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Mr. Tony Lloyd: To ask the Secretary of State for Education and Employment what representations he has received about the consistency of the allocation process of funds by the Further Education Funding Council to further education colleges in Manchester, as part of the national settlement; and if he will make a statement. 
Mr. Wicks [holding answer 19 July 2000]: My right hon. Friend has received a number of representations about the allocation of funds by the Further Education Funding Council (FEFC) to further education colleges in Manchester. The representations raise a series of complex technical points which the FEFC is now pursuing urgently. I will write to my hon. Friend when the FEFC has responded to the concerns raised.
Mr. Chidgey: To ask the Secretary of State for Education and Employment what assessment he has made of the possibility of legal liability arising from the overruling and reversal of advice given by officers acting for the Further Education Funding Council. 
Mr. Wicks [holding answer 19 July 2000]: Any potential liability arising in the circumstances described in the question would be an issue between the Further Education Funding Council and any colleges affected.
Mr. Chidgey: To ask the Secretary of State for Education and Employment if he will list those colleges of further education which are in dispute with the Further Education Funding Council over the interpretation of the Council's two per cent. tolerance policy based on the 1996-97 funding agreement; and what assessment he has made of the impact on those colleges' financial planning and policies of advice on interpretation of the two per cent. tolerance policy given by the Council's officers. 
Mr. Wicks [holding answer 19 July 2000]: One college, Eastleigh, has lodged a formal complaint with the Further Education Funding Council and others are in discussion with the Council. A college which had assumed it could write off a 2 per cent. shortfall should now aim to make up the difference either by repaying the funds or absorbing some unfunded growth. The Council has offered flexible terms to assist any college in this position.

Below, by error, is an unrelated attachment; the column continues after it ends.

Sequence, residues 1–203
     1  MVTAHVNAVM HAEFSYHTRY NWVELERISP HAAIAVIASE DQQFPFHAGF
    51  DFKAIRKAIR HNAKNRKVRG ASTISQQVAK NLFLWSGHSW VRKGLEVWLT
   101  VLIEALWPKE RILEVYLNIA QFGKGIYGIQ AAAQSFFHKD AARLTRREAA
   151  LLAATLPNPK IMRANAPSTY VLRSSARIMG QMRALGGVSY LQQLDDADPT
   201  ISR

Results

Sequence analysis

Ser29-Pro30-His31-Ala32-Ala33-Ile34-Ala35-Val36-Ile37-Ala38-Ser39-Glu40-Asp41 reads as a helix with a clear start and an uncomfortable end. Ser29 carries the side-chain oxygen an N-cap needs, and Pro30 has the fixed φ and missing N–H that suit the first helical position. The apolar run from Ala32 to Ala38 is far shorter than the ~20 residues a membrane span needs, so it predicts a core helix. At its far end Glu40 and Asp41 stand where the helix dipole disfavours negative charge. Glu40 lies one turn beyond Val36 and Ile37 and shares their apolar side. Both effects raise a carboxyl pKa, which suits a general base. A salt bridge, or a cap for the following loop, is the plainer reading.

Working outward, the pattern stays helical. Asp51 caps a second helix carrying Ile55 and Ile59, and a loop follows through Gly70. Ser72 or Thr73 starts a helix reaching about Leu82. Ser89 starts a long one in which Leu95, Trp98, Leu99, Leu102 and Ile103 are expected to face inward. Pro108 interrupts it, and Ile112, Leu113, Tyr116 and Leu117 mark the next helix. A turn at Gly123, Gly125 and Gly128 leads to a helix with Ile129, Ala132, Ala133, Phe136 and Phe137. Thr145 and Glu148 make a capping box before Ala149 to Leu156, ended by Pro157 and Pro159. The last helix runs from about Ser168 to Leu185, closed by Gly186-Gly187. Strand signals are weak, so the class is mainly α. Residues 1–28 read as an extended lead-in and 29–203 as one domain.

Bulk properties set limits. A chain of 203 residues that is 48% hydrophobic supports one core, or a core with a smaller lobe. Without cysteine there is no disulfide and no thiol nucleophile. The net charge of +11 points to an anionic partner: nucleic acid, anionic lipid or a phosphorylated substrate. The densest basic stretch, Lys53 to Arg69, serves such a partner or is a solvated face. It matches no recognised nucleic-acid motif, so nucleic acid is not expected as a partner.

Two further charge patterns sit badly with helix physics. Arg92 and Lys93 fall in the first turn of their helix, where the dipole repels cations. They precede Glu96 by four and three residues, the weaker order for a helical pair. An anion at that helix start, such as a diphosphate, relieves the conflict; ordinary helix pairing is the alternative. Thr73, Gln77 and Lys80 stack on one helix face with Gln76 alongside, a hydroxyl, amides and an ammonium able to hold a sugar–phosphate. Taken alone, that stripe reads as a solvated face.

Mr. Chaytor: To ask the Secretary of State for Education and Employment if he will make it his policy to include the publication of pupil achievements at entry and foundation level in the annual publication of the school performance league tables. 
Jacqui Smith: The achievements of pupils at foundation level are already included in the annual secondary school performance tables. The first results in Entry Level qualifications are available this year, following accreditation of courses from 1998. We have recently sought advice from the Qualifications and Curriculum Authority on the suitability of Entry Level qualifications for inclusion in the calculation of measures
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of value added for publication in the performance tables. Doing so would ensure increased coverage of the achievements of pupils with special educational needs in our measurement of pupils' progress in schools from one stage of education to another, in line with our overall policy of inclusion for these pupils.
Mr. Ronnie Campbell: To ask the Secretary of State for Education and Employment what plans he has to adjust the reporting of data in the school performance tables to provide a more accurate picture of schools which take in pupils from overseas with English language difficulties. 
Jacqui Smith: The Government have considered very carefully the representations they have received from schools which take in significant numbers of pupils form overseas, including refugee and asylum seeker children, who have difficulties with the English language. Until they have had an opportunity to improve their language skills and to become familiar with the English curriculum, such pupils will not do their best in National Curriculum tests and in public examinations.